10. A charming piece, like a slow, sometimes hesitating exploration. I find the title interesting, as it is clearly outside the usual virtuosic toccata literature, but it is clearly "singing" albeit rather slowly. Some strategically placed diminution could provide the piece with even more interest without sacrificing its harmonic structure.
  11. Be careful with the dissonances. As the piece feels tonal enough that clusters of dissonant chords without resolution feel out of place, especially at the beginning where tonality is established. Nice ending!
  12. A very interesting meditation which manages to keep the listener interested by varying intensity (dynamics, pulse), sprinkles of polyphony and melodic passages. The solo violin conveys the feeling of a lonely persons at midnight, combatting conflicting feelings but also its own sleepiness, well. However, the piece should not be any longer (it's alright as it is).
  13. As I have the opportunity to listen to brass music frequently, I have to say this is absolutely on par with new pieces performed by professional brass ensembles in my country. Here and there I would have made different choices, but these are purely subjective. And this could easily be the first movement of a small cycle (divertimento, suite, or whatever name you prefer and fits). What helps is that new brass music has the freedom to be far more eclectic than e.g. orchestral music where the limits what is acceptable new music are far stricter. Classical influences, jazz, atonality, folk music can all be mixed and matched for a new piece, even renaissance, baroque and world music.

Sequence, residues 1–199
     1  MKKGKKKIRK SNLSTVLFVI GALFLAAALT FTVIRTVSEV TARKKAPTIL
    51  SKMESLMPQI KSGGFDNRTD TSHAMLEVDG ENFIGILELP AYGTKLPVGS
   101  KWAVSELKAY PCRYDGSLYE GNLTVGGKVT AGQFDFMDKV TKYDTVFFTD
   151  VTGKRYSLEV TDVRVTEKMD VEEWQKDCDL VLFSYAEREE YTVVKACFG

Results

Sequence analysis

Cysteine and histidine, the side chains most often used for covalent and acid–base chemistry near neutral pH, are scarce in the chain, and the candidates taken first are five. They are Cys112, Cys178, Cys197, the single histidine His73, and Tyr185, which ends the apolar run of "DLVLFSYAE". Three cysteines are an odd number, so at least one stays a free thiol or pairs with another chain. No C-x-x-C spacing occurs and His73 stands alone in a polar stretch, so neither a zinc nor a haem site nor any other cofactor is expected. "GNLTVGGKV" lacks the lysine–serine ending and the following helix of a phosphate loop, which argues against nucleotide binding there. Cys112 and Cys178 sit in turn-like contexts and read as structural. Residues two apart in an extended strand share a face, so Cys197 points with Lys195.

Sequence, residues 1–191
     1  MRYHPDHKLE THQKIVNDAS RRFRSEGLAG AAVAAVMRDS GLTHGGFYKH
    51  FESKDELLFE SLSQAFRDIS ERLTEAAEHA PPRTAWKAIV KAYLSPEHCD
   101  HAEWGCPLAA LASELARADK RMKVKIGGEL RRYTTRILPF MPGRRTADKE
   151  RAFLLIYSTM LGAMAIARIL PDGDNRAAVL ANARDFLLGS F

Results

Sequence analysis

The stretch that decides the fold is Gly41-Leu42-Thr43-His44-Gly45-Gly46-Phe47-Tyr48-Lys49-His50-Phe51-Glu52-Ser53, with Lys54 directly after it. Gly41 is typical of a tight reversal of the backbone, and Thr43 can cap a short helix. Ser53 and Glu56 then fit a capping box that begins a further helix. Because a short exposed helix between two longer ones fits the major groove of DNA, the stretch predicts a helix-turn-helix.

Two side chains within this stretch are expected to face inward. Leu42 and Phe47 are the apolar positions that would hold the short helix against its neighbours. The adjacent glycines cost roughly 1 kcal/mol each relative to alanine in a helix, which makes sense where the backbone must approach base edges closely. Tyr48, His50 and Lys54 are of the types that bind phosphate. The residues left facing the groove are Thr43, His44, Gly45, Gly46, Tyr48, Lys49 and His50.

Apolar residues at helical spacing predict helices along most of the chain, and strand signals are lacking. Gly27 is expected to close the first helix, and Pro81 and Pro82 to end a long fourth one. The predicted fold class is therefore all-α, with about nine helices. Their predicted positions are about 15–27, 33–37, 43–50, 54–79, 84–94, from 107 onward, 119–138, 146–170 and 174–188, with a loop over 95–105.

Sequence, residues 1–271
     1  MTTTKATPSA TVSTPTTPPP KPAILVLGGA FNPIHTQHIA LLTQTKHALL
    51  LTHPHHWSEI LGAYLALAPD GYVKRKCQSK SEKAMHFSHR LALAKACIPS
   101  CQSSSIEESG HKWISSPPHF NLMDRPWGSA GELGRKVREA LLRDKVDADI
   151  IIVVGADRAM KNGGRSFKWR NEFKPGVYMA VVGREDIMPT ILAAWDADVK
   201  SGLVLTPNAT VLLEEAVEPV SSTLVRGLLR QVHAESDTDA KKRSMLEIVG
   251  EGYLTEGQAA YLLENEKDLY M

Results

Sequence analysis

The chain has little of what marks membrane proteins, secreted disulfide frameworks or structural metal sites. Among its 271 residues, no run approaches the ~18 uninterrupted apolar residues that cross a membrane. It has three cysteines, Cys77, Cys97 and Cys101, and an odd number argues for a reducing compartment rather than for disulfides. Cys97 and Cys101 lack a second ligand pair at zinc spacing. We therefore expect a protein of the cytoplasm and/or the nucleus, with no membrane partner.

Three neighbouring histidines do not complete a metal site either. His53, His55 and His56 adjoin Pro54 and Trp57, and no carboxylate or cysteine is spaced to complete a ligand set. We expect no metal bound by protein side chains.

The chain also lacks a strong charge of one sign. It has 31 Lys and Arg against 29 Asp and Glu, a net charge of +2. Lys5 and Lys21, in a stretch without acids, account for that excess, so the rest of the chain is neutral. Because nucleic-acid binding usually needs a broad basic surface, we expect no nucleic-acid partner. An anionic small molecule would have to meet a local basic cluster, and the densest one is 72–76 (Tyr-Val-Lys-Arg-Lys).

14. One easy way (surely not the best one!) to harmonise a given bass and melody with full chords is to look if you can harmonise everything with three chords, an idea that goes back to the 18th century: the tonic, the dominant and the supertonic, and some simple rules: The tonic (I) starts and ends the piece and can lead to all three chord types; the supertonic (ii) precedes a dominant; a dominant (V) can lead to back to the supertonic or to the tonic. Supertonic and dominant can be used as seventh chords with the seventh being resolved by going one step down, thus the supertonic seventh always leads to the dominant, the dominant seventh always to the tonic. You can use the chords in root position or inversion; the final cadence should see the dominant and tonic in root position. If the music has left the key, simply use the three chords of the new key. See e.g. Daube's Musical Dilletante for more information on this method of harmonising a melody. If you write out which notes belong to which triads and seventh chords, you will easily see which chords can fit to the given melody/bass-combination. There are far better methods than this one, but hardly easier ones.
  15. And, by the way, a nice idea to have a suite based on "Amor and Psyche" as it enables a lot of associations for the various musical phrases.